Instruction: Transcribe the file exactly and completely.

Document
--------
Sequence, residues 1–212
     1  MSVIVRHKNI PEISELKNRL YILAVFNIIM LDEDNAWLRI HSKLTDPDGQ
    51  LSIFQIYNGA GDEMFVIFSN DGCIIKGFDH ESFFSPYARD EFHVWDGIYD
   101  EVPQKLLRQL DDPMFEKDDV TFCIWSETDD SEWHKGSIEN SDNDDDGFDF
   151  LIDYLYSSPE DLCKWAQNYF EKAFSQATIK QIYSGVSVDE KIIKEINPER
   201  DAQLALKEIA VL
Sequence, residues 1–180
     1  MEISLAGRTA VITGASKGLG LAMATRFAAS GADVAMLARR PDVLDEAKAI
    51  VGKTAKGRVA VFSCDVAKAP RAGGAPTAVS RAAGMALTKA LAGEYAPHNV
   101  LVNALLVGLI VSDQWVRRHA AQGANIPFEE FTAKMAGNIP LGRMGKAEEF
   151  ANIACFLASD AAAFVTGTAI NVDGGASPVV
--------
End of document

Sequence, residues 1–212
     1  MSVIVRHKNI PEISELKNRL YILAVFNIIM LDEDNAWLRI HSKLTDPDGQ
    51  LSIFQIYNGA GDEMFVIFSN DGCIIKGFDH ESFFSPYARD EFHVWDGIYD
   101  EVPQKLLRQL DDPMFEKDDV TFCIWSETDD SEWHKGSIEN SDNDDDGFDF
   151  LIDYLYSSPE DLCKWAQNYF EKAFSQATIK QIYSGVSVDE KIIKEINPER
   201  DAQLALKEIA VL
Sequence, residues 1–180
     1  MEISLAGRTA VITGASKGLG LAMATRFAAS GADVAMLARR PDVLDEAKAI
    51  VGKTAKGRVA VFSCDVAKAP RAGGAPTAVS RAAGMALTKA LAGEYAPHNV
   101  LVNALLVGLI VSDQWVRRHA AQGANIPFEE FTAKMAGNIP LGRMGKAEEF
   151  ANIACFLASD AAAFVTGTAI NVDGGASPVV